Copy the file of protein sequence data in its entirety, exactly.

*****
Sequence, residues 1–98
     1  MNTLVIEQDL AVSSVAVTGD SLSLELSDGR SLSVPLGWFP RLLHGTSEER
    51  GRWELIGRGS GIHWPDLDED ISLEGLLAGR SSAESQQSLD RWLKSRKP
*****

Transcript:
Sequence, residues 1–98
     1  MNTLVIEQDL AVSSVAVTGD SLSLELSDGR SLSVPLGWFP RLLHGTSEER
    51  GRWELIGRGS GIHWPDLDED ISLEGLLAGR SSAESQQSLD RWLKSRKP